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Re: font-lock-syntactic-keywords obsolet?

From: Dmitry Gutov
Subject: Re: font-lock-syntactic-keywords obsolet?
Date: Mon, 20 Jun 2016 19:45:06 +0300
User-agent: Mozilla/5.0 (X11; Linux x86_64; rv:45.0) Gecko/20100101 Thunderbird/45.2

On 06/20/2016 06:25 PM, Alan Mackenzie wrote:

I hold simplicity to be an admirable thing to aim for.  KISS.

Too bad you have to work on CC Mode, then.

Since when has ad hoc calling of high level code from primitives been
"simple and sensible design"?  You'll note that the CC Mode way simply
doesn't need this.

Emacs low-level code runs quite a few hooks already, which are implemented in Lisp. You'll also note that the whole Lisp runtime is called from low-level code.

And I say to you quite openly, the continual niggling and nagging I've
been getting over the past months and years to adapt CC Mode to an
way of dealing with text properties I hold to be inferior has got tiring
and draining.  I'd be most obliged if you would stop doing this.

I wouldn't be in that discussion (or the ones like it) if you just stayed inside CC Mode and didn't try to push new abstractions, poorly designed and duplicating what syntax.el already does, into Emacs core.

If things had been as you suggest, quite likely I would have come up
with something a bit like syntax-propertize-function, though maybe not
very much like it.

Things are like I say. Maybe not quite for CC Mode, but they are for many languages around it.

You could try adding kludges to that, but ultimately, if you want the
file to always be up-to-date in its entirety, eagerly, you're forced to
make many operations slower than they have to be.

If you still think this is true, and can demonstrate this with a test
case, I will have a look at it and attempt to fix it.

I believe I explained the problem quite clearly. But if you're asking for a test case for CC Mode, I don't care for it.

This discussion is about general facilities, after all.

The shortcuts available to CC Mode aren't something all language modes
can use, so syntax-propertization through before/after-change-functions
cannot become the standard. s-p-f can, on the other hand, and already is.

I'd be interested to hear of some Mode where such shortcuts, as you call
them, aren't available.

ruby-mode, for instance. And, like already pointed out, any language where (these requirements are sufficient, but not all necessary):

- Double-quoted strings are allowed to span multiple lines.
- Syntax is complex enough that we need to use the syntax-table property.
- Whether a character gets a syntax-property applied, depends on whether it's inside a string or comment, among other things.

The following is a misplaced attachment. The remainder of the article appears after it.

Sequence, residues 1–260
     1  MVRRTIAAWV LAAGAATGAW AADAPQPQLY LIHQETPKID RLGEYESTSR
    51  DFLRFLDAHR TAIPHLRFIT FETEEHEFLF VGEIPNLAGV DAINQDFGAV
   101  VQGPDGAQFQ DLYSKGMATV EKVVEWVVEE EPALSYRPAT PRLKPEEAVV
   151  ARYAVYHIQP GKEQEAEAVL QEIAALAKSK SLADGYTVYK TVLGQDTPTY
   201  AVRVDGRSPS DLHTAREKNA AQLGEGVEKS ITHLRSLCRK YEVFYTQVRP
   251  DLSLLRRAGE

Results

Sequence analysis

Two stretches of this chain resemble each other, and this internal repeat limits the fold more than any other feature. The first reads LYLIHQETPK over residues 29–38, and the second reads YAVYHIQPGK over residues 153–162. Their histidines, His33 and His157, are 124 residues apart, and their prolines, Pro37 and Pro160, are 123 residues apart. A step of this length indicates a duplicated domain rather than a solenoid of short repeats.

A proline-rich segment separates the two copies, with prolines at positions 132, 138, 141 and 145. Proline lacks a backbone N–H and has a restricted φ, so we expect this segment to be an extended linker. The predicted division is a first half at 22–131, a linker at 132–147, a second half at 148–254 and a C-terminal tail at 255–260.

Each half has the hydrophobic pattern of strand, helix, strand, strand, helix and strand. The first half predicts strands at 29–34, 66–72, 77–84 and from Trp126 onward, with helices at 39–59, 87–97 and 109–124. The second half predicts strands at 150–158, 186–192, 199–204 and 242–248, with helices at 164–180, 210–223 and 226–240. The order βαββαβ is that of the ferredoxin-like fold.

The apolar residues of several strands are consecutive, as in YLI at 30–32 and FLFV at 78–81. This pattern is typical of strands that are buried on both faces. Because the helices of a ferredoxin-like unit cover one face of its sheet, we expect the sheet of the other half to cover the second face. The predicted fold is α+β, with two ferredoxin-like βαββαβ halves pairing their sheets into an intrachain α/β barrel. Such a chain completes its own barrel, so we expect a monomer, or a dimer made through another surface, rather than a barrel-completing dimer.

Imagine a language with multiline strings (you can call it "Ruby", or,
maybe, "Emacs Lisp"), and a big file that contains at least one string
per every ten lines. The user goes to the first string and removes its
closing delimiter.

What's your after-change-function going to do?

Whatever is needed.  Sorry, but the question is too vague.  Emacs Lisp
Mode, as far as I know doesn't have its own a-c-f, so the answer would
be "nothing".  I don't know Ruby Mode.

Why don't you do us all a favor and educate yourself about other languages and language modes before arguing that before/after-change-functions can be a general solution as-is?

The point here is that, mostly, strings don't require s-t text

Some don't, some do. Heredoc strings do.

But text outside of strings often does need text properties. And their application depends on whether given text is inside a string.

If the s-t props aren't "local", then maybe the
syntax-propertize-function approach is a good one.  I haven't had any
reason to think this through.

The zillion email messages on the subject still haven't encouraged you?

On non-"local" syntax table text properties?

On syntax-ppss. Participating in discussions about a subject is usually a good reason to educate themselves about it. For most people, at least.

I don't recall seeing any
discussion of this, except for the one we're now having.  If I've
forgotten it, or missed it, you could perhaps point it out to me.

Non-locality is one of the obvious reasons for syntax-propertize's design, the way that syntax-table application is performed lazily.

Maybe if you haven't been busy writing shallow critique and asked questions instead, we'd gave gotten to this a lot sooner.

Somebody (either you or Stefan) opined
that ALL s-t properties are, in practice, "local".

You're misremembering.

It must have been somebody else, then.  Are you aware of any non-"local"
use of syntax table text properties?

Yes. And I've been telling you about them for the last several messages.

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